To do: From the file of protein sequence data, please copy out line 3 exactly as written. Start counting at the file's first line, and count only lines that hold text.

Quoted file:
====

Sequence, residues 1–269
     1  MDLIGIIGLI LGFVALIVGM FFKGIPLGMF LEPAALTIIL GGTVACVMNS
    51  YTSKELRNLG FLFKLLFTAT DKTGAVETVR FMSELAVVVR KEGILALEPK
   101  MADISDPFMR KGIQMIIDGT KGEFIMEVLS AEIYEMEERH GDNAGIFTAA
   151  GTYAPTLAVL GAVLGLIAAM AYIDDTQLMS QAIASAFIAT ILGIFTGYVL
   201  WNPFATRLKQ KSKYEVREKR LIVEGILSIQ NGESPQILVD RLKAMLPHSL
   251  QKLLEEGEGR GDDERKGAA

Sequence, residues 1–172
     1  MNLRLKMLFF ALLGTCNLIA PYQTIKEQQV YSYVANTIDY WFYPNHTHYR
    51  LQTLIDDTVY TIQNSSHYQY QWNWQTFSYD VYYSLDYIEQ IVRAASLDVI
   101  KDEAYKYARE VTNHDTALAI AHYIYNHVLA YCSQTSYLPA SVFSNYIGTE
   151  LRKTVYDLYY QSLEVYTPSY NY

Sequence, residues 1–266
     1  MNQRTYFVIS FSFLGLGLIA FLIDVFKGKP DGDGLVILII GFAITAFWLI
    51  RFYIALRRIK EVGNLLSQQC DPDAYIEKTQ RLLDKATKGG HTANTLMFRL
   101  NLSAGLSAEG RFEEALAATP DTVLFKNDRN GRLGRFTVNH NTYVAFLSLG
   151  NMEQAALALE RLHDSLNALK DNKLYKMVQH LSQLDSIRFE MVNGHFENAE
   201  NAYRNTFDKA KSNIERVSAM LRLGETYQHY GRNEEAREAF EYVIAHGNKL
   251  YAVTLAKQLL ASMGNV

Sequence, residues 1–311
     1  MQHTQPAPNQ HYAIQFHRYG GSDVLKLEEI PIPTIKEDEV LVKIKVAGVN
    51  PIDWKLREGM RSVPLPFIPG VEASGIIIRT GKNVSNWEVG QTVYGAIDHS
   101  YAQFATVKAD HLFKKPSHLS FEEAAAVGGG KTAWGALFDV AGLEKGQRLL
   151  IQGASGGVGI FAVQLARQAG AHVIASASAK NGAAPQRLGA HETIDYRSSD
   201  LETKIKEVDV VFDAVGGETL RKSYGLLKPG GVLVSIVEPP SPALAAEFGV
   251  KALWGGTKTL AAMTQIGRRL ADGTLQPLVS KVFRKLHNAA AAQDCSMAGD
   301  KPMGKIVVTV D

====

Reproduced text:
    51  YTSKELRNLG FLFKLLFTAT DKTGAVETVR FMSELAVVVR KEGILALEPK